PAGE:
• Kalmykia (state language; with Kalmyk)
  • Karachay–Cherkessia (state language; with Abaza, Cherkess, Karachay and Nogai)
  • Karelia (state language)
  • Khakassia (state language; with Khakas)
  • Komi (state language; with Komi)
  • Mari El (state language; with Mari (Hill and Meadow))
  • Mordovia (state language; with Erzya and Moksha)
  • North Ossetia—Alania (state language; with Ossetic)
  • Sakha (state language; with Sakha)
  • Tatarstan (state language; with Tatar)
  • Tyva (state language; with Tuvan)
  • Udmurtia (state language; with Udmurt)
  • Russian (with Gagauz) is an official language of Gagauzia (autonomous republic within Moldova)

Rusyn:

  • Vojvodina (with Croatian, Serbian, Romanian, Hungarian, Slovak)
  • Ukraine
    • Zakarapts'ka region (with Ukrainian, Hungarian)

Rutul:

  • Dagestan (as one of the Dagestan peoples languages; with Russian)

Sakha:

  • Sakha (state language; with Russian)

Sanskrit:

  • India (with 22 other regional languages)

Sami:

  • Finland (in four municipalities)
  • Norway (in six municipalities in two provinces)
  • Sweden (in four municipalities and surrounding municipalities)

Sarikoli:

  • part of the People's Republic of China (It's different from Tajiki of Tajikistan)
    • Taxkorgan (with Chinese (Mandarin))

Scottish Gaelic:

  • Scotland (United Kingdom) (with English and Scots)

Scots:

  • Scotland (United Kingdom) (with English and Scottish Gaelic)
  • Northern Ireland (United Kingdom)
  • Donegal (Republic of Ireland)

Selkup:

  • Yamalo-Nenets Autonomous Okrug (aboriginal language; with Khanty and Nenets)

Sindhi:

  • India (with 22 other regional languages)
  • Pakistan (Official language in the Province of Sindh along with Urdu and English)

North and South Slavey:

  • Northwest Territories (with Cree, Chipewyan, English, French, Gwich'in, Innuinaqtun, Inuktitut, Inuvialuktun, and Tłįchǫ (Dogrib))

Slovak:

  • part of Serbia
  • Vojvodina (with Croatian, Serbian, Hungarian, Romanian and Ruthenian)

Slovene:

  • part of Italy
    • Friuli-Venezia Giulia (with Italian, Friulian and German)
  • part of Austria
    • Carinthia (with German)

Spanish:

  • Puerto Rico (with English)
  • Philippines (mainly as Chavacano in Basilan and Zamboanga Peninsula)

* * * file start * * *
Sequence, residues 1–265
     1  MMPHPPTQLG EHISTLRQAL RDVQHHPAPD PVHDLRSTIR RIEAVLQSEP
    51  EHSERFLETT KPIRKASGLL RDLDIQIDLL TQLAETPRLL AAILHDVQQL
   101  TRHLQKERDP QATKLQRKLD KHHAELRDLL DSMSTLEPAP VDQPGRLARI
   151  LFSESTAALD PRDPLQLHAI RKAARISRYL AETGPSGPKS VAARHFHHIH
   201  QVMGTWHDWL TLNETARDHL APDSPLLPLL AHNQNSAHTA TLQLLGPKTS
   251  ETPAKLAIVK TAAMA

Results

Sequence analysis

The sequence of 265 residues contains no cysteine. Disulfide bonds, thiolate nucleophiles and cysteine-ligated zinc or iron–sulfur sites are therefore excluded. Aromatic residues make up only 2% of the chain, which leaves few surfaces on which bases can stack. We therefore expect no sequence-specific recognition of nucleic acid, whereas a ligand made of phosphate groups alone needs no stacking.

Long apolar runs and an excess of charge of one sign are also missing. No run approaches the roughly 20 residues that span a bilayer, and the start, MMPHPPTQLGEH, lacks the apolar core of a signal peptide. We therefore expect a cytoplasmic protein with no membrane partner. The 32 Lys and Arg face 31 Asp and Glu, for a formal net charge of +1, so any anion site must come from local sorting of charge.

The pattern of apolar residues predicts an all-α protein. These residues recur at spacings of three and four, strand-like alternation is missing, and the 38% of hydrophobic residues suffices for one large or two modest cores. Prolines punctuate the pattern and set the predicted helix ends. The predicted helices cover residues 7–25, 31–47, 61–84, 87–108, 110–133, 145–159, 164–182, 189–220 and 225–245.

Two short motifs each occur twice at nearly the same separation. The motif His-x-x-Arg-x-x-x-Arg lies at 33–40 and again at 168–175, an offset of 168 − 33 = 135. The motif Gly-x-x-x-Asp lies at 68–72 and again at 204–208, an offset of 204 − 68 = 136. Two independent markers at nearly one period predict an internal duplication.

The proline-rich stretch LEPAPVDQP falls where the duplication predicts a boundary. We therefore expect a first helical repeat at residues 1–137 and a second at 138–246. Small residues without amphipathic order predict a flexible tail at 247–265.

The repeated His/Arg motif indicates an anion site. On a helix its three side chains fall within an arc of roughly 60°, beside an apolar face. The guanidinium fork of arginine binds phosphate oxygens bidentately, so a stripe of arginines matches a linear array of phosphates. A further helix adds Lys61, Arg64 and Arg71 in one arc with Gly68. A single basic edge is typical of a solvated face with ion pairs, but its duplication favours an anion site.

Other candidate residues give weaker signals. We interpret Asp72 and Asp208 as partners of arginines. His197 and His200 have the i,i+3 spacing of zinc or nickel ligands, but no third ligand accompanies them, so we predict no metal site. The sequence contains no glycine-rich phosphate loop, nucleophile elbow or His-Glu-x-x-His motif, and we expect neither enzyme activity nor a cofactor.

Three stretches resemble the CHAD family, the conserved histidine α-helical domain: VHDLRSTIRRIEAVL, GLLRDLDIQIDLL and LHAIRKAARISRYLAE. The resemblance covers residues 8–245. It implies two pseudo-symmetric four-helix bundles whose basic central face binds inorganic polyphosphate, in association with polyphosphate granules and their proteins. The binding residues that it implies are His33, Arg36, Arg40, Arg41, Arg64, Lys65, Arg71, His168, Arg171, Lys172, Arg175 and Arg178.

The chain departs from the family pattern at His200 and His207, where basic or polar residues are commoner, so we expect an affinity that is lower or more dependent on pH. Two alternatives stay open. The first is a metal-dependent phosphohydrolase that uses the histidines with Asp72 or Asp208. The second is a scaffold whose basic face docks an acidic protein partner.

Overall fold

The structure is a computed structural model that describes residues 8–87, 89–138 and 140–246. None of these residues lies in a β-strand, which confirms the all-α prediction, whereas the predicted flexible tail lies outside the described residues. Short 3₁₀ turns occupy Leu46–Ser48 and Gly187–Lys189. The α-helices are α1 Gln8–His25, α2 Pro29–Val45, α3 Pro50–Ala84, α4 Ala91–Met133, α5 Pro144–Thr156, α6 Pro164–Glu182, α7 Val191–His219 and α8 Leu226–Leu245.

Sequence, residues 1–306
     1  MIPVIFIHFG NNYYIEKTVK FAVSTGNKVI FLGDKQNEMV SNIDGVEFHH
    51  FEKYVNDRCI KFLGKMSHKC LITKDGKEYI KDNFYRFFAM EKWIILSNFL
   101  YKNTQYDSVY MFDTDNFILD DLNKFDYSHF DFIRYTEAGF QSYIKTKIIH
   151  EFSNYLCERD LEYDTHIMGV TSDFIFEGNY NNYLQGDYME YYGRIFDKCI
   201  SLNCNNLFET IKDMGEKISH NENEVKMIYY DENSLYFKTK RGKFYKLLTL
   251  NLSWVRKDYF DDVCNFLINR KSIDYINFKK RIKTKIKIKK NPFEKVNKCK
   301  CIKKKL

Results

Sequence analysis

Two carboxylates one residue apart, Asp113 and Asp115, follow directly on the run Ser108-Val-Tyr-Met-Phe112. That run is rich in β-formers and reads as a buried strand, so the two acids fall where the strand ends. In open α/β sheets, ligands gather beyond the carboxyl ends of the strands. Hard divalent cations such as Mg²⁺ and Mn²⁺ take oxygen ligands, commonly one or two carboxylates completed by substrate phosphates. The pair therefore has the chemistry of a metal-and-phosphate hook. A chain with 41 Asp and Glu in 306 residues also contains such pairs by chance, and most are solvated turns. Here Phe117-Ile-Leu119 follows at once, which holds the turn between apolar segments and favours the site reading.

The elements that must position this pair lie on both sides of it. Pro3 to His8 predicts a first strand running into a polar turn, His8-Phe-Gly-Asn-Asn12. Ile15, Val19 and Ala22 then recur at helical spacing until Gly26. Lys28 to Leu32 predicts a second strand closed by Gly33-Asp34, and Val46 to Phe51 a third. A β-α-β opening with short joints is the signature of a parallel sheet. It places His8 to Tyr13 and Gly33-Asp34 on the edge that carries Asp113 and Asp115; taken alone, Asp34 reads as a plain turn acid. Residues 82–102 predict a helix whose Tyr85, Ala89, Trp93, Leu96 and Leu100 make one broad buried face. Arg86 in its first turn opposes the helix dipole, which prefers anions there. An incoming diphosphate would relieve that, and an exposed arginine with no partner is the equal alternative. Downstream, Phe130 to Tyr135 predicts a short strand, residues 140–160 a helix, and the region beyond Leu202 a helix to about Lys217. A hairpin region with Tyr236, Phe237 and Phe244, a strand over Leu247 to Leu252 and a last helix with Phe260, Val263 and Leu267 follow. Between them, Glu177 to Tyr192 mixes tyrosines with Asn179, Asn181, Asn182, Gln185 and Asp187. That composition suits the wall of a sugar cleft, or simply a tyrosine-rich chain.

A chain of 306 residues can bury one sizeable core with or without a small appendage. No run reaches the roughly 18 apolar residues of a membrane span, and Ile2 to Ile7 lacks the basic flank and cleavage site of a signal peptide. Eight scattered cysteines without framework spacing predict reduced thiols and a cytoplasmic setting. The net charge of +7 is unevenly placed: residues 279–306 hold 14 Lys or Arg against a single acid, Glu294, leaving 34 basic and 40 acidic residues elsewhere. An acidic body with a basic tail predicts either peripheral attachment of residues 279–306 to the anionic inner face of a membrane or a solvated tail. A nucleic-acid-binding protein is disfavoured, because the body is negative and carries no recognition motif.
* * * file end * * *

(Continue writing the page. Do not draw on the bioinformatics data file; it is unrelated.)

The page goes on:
Tabasaran:

  • Dagestan (as one of the Dagestan peoples languages; with Russian)

Tahitian:

  • French Polynesia (with French)

Tamil:

  • India (with 22 other regional languages)
    • Andaman and Nicobar Islands
    • Pondicherry
    • Tamil Nadu

Tat:

  • Dagestan (as one of the Dagestan peoples languages; with Russian)

Tatar:

  • Tatarstan (state language; with Russian)

Telugu:

  • India (with 22 other regional languages)
    • Andhra Pradesh
    • Pondicherry

Tibetan:

  • Tibet Autonomous Region (with Chinese (Mandarin))
  • Aba (with Chinese (Mandarin))
  • Garzê (with Chinese (Mandarin))
  • Diqing (with Chinese (Mandarin))
  • Wenshan (with Chinese (Mandarin))
  • Gannan (with Chinese (Mandarin))
  • Haibai (with Chinese (Mandarin))
  • Hainan (with Chinese (Mandarin))
  • Huangnan (with Chinese (Mandarin))
  • Golog (with Chinese (Mandarin))
  • Gyêgu (with Chinese (Mandarin))
  • Haixi (with Mongolian and Chinese (Mandarin))
  • Muli (with Chinese (Mandarin))
  • Tianzhu (with Chinese (Mandarin))

Tłįchǫ:

  • Northwest Territories (with Cree, Chipewyan, English, French, Gwich'in, Innuinaqtun, Inuktitut, Inuvialuktun, North Slavey, and South Slavey)

Tsakhur:

  • Dagestan (as one of the Dagestan peoples languages; with Russian)

Tswana:

  • South Africa (with Afrikaans, English, Ndebele, Northern Sotho, Sotho, Swati, Tsonga, Venda, Xhosa, Zulu)

Turkish:

  • Macedonia in Plasnica and Centar Župa
  • Kosovo in Prizren and Mamuša
  • part of Bulgaria

Tuvan:

  • Tyva (state language; with Russian)

Udmurt:

  • Udmurtia (state language; with Russian)

Urdu:

  • India (with 22 other regional languages)
    • Jammu and Kashmir
    • Delhi Territory
    • Uttar Pradesh state
    • Bihar state
    • Andhra Pradesh mainly in Hyderabad (former princely state of Nizam) and adjacent areas of Maharashtra and Karnataka

Uyghur:

  • Xinjiang (with Chinese (Mandarin))

Veps:

  • Karelia (authorized language; with Finnish and Karelian)

Vietnamese:

  • Guangxi Province, China (some regional status)
  • Part of Cambodia
  • Part of Laos

Welsh:

  • Wales (United Kingdom) (with English)

Yiddish:

  • Russia (only in Jewish Autonomous Oblast, with Russian)

Yukaghir:

  • Sakha (local official language; in localities with Yukaghir population)

Zhuang:

  • Guangxi (with Chinese (Mandarin))
  • Lianshan (with Chinese (Mandarin))

Read more about this topic:  List Of Official Languages

Famous quotes containing the words languages, minority and/or official:

    Wealth is so much the greatest good that Fortune has to bestow that in the Latin and English languages it has usurped her name.
    William Lamb Melbourne, 2nd Viscount (1779–1848)

    If when a businessman speaks of minority employment, or air pollution, or poverty, he speaks in the language of a certified public accountant analyzing a corporate balance sheet, who is to know that he understands the human problems behind the statistical ones? If the businessman would stop talking like a computer printout or a page from the corporate annual report, other people would stop thinking he had a cash register for a heart. It is as simple as that—but that isn’t simple.
    Louis B. Lundborg (1906–1981)

    Our medieval historians who prefer to rely as much as possible on official documents because the chronicles are unreliable, fall thereby into an occasionally dangerous error. The documents tell us little about the difference in tone which separates us from those times; they let us forget the fervent pathos of medieval life.
    Johan Huizinga (1872–1945)